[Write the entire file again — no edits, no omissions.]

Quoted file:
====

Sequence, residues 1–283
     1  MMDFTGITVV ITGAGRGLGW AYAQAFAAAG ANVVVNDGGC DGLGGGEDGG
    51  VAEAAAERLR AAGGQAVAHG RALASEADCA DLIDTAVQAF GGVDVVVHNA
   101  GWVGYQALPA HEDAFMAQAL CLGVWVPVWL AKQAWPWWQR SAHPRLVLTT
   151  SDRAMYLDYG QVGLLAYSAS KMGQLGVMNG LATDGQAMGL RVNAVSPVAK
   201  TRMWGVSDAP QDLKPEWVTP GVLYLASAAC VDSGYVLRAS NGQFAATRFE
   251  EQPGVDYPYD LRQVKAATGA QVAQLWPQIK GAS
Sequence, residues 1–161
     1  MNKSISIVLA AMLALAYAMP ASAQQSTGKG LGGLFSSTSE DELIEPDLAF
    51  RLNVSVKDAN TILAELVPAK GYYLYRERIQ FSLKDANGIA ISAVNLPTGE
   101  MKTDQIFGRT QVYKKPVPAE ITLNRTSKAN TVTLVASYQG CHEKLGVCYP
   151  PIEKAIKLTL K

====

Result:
Sequence, residues 1–283
     1  MMDFTGITVV ITGAGRGLGW AYAQAFAAAG ANVVVNDGGC DGLGGGEDGG
    51  VAEAAAERLR AAGGQAVAHG RALASEADCA DLIDTAVQAF GGVDVVVHNA
   101  GWVGYQALPA HEDAFMAQAL CLGVWVPVWL AKQAWPWWQR SAHPRLVLTT
   151  SDRAMYLDYG QVGLLAYSAS KMGQLGVMNG LATDGQAMGL RVNAVSPVAK
   201  TRMWGVSDAP QDLKPEWVTP GVLYLASAAC VDSGYVLRAS NGQFAATRFE
   251  EQPGVDYPYD LRQVKAATGA QVAQLWPQIK GAS
Sequence, residues 1–161
     1  MNKSISIVLA AMLALAYAMP ASAQQSTGKG LGGLFSSTSE DELIEPDLAF
    51  RLNVSVKDAN TILAELVPAK GYYLYRERIQ FSLKDANGIA ISAVNLPTGE
   101  MKTDQIFGRT QVYKKPVPAE ITLNRTSKAN TVTLVASYQG CHEKLGVCYP
   151  PIEKAIKLTL K